During the course of this work a report21 by Japanese workers appeared describing the synthesis of 4b by heating a mixture of C60, sodium azide, ethyl chloroformate and 15-crown-5-ether in toluene. It was claimed that the compound remained unchanged upon heating under reflux in o-dichlorobenzene (180°C) for 8 h. In our hands, it was found to rearrange to 3-ethoxyoxazolo [4',5':1,2][60]fullerenene 5b under the same conditions. An HPLC study (FullereneSep) of the rearrangement showed that at this temperature the process was accompanied by the formation of significant amounts of C60. The rearrangement was also carried out in boiling TCE (147°C) and the products were easily separated by preparative HPLC. The 13C NMR (62.5 MHz, CS2-CDCl3) spectrum of 5b showed the presence of diagnostic sp3 carbon atoms that resonated at 96.8 and 88.3, along with C=N at 164.2 (vide infra); the rest of the fullerene sp2 carbon atoms were observed between 136 and 148 (28 lines of intensity 2 and 2 lines of intensity 1). The 1H NMR (250 MHz) spectrum of the product consisted of a triplet ( 1.71, J = 7.1 Hz) and a quartet ( 4.82, J = 7.1 Hz) and its FT-IR spectrum showed characteristic absorptions at 1653 (C=N) and 526 (fullerene) cm-1. FAB-MS data confirmed this product to be an isomer of 4b [(M++1) 808.04049, C63H6NO2 requires 808.03985]. These data compare favourably with that previously reported18 for the oxazolofullerene 5a obtained from supermesitylazidoformate. The failure of the Japanese workers to detect the rearrangement of 4b may lie in the relative slowness of the process which required heating for 65 h to bring about 50% conversion at 147°C; cf. 19% conversion at 180°C for 19h, and 100% conversion in 12 h for the supermesityl analogue 4a.

In a further significant development to these findings, treatment of a solution of 4b in CH2Cl2 with a pre-mixed solution of phenol and trimethylsilyl chloride22 (3:1) in CH2Cl2 led to dealkylation and the propitious formation of the parent 1',3'-oxazolidin-2'-ono[4',5':1,2][60]fullerene 11 in 95% yield (Scheme 5). FAB-MS analysis of the product showed (M++1) at 780.00831 (C61H2NO2 requires 780.00855) and the FT-IR exhibited strong bands at 3420 (br., NH), 1760 (C=O), and 527 (fullerene) cm-1. The 13C NMR (62.5 MHz, d5-pyridine) consisted of 32 fullerene lines as expected for a derivative with Cs symmetry, the most diagnostic resonances being at 157.9 (C=O) and two lines in the sp3 region at 94.0 and 74.4; the sp2 carbon atoms of the fullerene skeleton were found between 135.2 and 147.8. It is worth noting that at this stage a report23 appeared which claimed that oxazolidin-2'-onofullerene 11 could also be prepared by treatment of 4b with boron tribromide in toluene at room temperature. The data reported for 11 was at odds with that reported by us20 (vide supra). In particular, we recorded the carbonyl group in the FT-IR of our compound to be at 1760cm-1 (cf. 1647 cm-1 for the Taiwanese group), a value that is typical; 13C NMR data was also different, and significantly, the diagnostically useful sp3 fullerene carbons were found to resonate at 94.0 and 74.4 along with the carbonyl at 157.9 (cf. 98.8, 90.5 and 166.0). Moreover, our material was found to virtually insoluble in all common solvents with the exception of pyridine whereas the Taiwanese group were able to run their 13C NMR spectrum in CS2-d6-acetone. These inconsistencies led us to re-evaluate our spectral data. It was found that the 13C NMR ( 148) shift for the C=N moiety had been misassigned and reassigned it to a broad signal at 164.2. Our data now matches closely that reported by the Taiwanese group which leads us to the conclusion that their product is probably the oxazole 5b.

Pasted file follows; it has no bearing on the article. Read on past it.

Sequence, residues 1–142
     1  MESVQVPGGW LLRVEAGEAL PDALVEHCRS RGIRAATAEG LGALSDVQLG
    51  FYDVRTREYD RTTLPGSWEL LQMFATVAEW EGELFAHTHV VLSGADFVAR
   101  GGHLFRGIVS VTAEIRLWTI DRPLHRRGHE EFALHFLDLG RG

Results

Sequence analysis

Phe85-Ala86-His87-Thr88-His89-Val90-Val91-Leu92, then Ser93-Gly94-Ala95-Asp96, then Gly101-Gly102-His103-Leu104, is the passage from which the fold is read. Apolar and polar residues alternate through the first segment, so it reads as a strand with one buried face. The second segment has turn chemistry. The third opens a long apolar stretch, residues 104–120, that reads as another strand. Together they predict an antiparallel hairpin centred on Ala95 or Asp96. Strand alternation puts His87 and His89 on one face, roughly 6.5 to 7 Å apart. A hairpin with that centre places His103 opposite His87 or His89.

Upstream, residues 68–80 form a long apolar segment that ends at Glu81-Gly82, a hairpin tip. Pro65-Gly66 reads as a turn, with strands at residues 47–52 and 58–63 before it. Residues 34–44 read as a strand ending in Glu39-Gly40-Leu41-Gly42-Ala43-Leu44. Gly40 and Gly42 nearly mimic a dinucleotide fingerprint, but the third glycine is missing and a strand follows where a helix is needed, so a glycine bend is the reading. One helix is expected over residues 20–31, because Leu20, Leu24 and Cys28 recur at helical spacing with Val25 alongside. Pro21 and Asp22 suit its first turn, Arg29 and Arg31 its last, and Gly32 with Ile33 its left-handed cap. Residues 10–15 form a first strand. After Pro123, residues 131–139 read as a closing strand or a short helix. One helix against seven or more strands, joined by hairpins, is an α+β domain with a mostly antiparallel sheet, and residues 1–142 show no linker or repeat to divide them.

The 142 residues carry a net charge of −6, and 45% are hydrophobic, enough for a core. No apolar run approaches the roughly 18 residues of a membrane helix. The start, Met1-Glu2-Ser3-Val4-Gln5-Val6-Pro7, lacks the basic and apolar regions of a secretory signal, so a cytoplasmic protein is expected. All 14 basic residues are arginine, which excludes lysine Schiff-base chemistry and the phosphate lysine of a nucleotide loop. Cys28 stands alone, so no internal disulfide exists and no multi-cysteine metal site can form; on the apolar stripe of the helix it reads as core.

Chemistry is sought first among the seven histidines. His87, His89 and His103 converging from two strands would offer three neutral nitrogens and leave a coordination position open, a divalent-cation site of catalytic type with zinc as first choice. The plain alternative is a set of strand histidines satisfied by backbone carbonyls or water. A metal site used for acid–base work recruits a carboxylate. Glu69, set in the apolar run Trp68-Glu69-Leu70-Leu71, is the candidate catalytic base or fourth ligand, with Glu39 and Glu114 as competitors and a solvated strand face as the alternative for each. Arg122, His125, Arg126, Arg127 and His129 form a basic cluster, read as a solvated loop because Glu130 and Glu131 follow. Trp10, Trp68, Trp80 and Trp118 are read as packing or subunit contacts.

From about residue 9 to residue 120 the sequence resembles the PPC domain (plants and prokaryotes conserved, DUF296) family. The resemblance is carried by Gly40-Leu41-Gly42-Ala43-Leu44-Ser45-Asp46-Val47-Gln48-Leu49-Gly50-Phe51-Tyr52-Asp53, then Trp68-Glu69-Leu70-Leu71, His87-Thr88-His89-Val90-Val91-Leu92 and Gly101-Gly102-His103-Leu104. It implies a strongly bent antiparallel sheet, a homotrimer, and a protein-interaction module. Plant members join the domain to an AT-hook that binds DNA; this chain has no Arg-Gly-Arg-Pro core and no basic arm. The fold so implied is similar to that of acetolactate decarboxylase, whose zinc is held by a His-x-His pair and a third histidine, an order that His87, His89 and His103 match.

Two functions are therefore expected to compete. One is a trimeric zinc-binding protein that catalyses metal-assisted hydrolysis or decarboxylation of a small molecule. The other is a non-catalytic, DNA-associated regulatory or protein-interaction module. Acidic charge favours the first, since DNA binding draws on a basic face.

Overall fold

Scheme 5: Reagents and conditions: (i) phenol/chlorotrimethylsilane, (3:1), CH2Cl2, 20°C, 95%; (ii) DIBAL in CH2Cl2, DME, 20°C, 90%.